The following table summarizes the changes in the number of shares of restricted stock and restricted stock units for the six months ended June 30, 2011 (shares in thousands):

 

     Shares     Weighted
Average
Grant Date
Fair Value
 

Unvested at December 31, 2010

     1,250      $ 21.93   

Granted

     262        31.08   

Vested

     (350     23.36   
  

 

 

   

 

 

 

Unvested at June 30, 2011

     1,162      $ 23.56   
  

 

 

   

 

 

 

 

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5. Goodwill and Other Intangible Assets

As of June 30, 2011 and December 31, 2010 other intangible assets consisted of the following (in thousands):

 

          June 30, 2011      December 31, 2010  
     Useful
Lives
(Years)
   Gross
Carrying
Amounts
     Accumulated
Amortization
    Net
Carrying
Amount
     Gross
Carrying
Amounts
     Accumulated
Amortization
    Net
Carrying
Amount
 

Customer and vendor agreements

   5 to 20    $ 219,170       $ (51,509   $ 167,661       $ 218,250       $ (43,184   $ 175,066   

Trade names and trademarks—indefinite lived

   N/A      12,626         —          12,626         12,626         —          12,626   

Trade names and trademarks—other

   3 to 15      3,160         (1,090     2,070         3,160         (980     2,180   

Software

   3 to 10      5,530         (2,869     2,661         5,530         (2,283     3,247   

Non-compete agreements

   2 to 5      1,871         (1,296     575         1,871         (1,129     742   
     

 

 

    

 

 

   

 

 

    

 

 

    

 

 

   

 

 

 

Total other intangibles

      $ 242,357       $ (56,764   $ 185,593       $ 241,437       $ (47,576   $ 193,861   
     

 

 

    

 

 

   

 

 

    

 

 

    

 

 

   

 

 

 

Amortization expense related to intangible assets for the six month periods ended June 30, 2011 and 2010 was $9.2 million and $8.4 million, respectively.

A summary of changes in the Company’s goodwill by reportable business segment is as follows (in thousands):

 

     December 31,
2010
     Additions      Foreign
Currency
     June 30,
2011
 

Segment

           

North America

   $ 275,929       $ 785       $ —         $ 276,714   

International

     325,737         —           351         326,088   
  

 

 

    

 

 

    

 

 

    

 

 

 
   $ 601,666       $ 785       $ 351       $ 602,802   
  

 

 

    

 

 

    

 

 

    

 

 

 

6. Debt

The Company’s debt instruments consist primarily of term notes and a securitization facility as follows (in thousands):

 

     June 30,
2011
     December 31,
2010
 

Term note payable(a)

   $ 300,000       $ —     

Term note payable—domestic(b)

     —           270,350   

Revolving line of credit—domestic(a)

     —           —     

Term note payable—foreign(c)

     —           52,830   

Other debt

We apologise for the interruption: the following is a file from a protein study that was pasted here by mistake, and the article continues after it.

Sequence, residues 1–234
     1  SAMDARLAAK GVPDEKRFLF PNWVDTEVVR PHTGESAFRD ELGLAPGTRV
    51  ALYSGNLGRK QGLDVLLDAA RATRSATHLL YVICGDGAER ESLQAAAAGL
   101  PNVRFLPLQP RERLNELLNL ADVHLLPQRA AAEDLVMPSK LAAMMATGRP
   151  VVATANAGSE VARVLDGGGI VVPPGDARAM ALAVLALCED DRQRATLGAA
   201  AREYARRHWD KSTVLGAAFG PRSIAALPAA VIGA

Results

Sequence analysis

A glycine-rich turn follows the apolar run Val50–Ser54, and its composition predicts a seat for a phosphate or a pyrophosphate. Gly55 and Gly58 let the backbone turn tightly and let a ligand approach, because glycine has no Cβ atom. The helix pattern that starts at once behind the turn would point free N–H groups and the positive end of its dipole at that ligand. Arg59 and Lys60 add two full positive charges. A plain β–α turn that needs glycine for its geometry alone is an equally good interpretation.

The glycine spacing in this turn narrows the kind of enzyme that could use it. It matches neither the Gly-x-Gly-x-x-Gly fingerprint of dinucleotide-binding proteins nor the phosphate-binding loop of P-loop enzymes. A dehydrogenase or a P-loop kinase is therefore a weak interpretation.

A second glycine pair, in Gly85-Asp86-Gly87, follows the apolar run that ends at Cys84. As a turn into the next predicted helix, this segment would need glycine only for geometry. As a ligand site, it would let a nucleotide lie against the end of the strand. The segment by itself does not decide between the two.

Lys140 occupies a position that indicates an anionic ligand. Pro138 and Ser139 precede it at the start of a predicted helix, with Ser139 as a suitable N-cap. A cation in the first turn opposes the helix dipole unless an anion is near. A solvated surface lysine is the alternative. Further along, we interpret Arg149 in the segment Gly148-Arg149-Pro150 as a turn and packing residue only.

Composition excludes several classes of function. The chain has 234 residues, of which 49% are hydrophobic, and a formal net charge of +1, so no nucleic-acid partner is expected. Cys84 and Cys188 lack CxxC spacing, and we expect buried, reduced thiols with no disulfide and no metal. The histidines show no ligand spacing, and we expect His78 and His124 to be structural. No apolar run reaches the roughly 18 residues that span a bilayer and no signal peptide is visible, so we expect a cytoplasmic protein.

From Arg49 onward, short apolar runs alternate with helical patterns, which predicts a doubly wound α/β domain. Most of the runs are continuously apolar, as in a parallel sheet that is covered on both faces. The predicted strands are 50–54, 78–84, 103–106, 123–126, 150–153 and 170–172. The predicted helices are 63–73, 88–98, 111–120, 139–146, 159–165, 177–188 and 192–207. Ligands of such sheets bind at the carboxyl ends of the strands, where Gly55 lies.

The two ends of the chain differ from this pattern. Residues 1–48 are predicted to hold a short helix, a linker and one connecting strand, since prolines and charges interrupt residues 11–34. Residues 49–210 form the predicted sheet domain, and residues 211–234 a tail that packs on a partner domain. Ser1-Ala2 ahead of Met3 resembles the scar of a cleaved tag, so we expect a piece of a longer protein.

534         2,233   
  

 

 

    

 

 

 

Total notes payable

     300,534         325,413   

Securitization facility(d)

     162,000         144,000   
  

 

 

    

 

 

 

Total notes payable, credit agreements and securitization facility

   $ 462,534       $ 469,413   
  

 

 

    

 

 

 

Current portion

   $ 177,243       $ 155,617   

Long-term portion

     285,291         313,796   
  

 

 

    

 

 

 

Total notes payable, credit agreements and securitization facility

   $ 462,534       $ 469,413   
  

 

 

    

 

 

 

 

(a) The Company entered into a $300 million term loan and a $600 million revolving line of credit on June 22, 2011. The revolving line of credit contains a $20 million sublimit for letters of credit, a $20 million sublimit for swing line loans and a sublimit for multicurrency borrowings in Euros, Sterling and Japanese Yen. Proceeds from this new credit facility were used to retire the Company’s indebtedness under its 2005 Credit Facility and CCS Credit Facility, as described below. At June 30, 2011, the Company had $300 million and $0 borrowings outstanding on the term loan and revolving line of credit, respectively. Interest on the line of credit ranges from the sum of the Base Rate plus 0.25% to 1.25% or the Eurodollar Rate plus 1.25% to 2.25%. The term loan is payable in quarterly installments and is due on the last business day of each March, June, September, and December with the final principal payment due in June 2016. We refer to this facility as the Credit Facility. The Company was in compliance with all financial covenants at June 30, 2011.

 

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(b) The Company entered into a $130 million term loan and a $30 million revolving line of credit on June 2, 2005. On April 30, 2007, the Company amended and restated the facility increasing the term loan to $250 million, increasing the revolving line of credit facility to $50 million and entering into a $50 million delayed draw term loan facility. We refer to this facility as the 2005 Credit Facility. In April 2008, the Company borrowed the additional $50 million from the delayed draw term loan facility. The revolving line of credit facility was comprised of a $30 million US tranche and a $20 million global tranche and was collateralized by the assets and operations of the respective country where the borrowings are incurred. Interest on the term loan was payable at a rate per annum equal to the sum of the Base Rate plus 1.25% or the Eurodollar Rate plus 2.25%. Interest on the line of credit ranged from the sum of the Base Rate plus 1.00% to 1.50% or the Eurodollar Rate plus 2.00% to 2.50%. The term loan was payable in quarterly installments of 0.25% of the initial aggregate principal amount of the loans and was due on the last business day of each March, June, September, and December with the final principal payment due in April 2013. On June 22, 2011, proceeds from the Company’s new Credit Facility were used to retire the Company’s existing indebtedness under the 2005 Credit Facility. Principal payments of $270.4 million were made on the term loan during the six month period ended June 30, 2011, which includes the final payment to retire the indebtedness.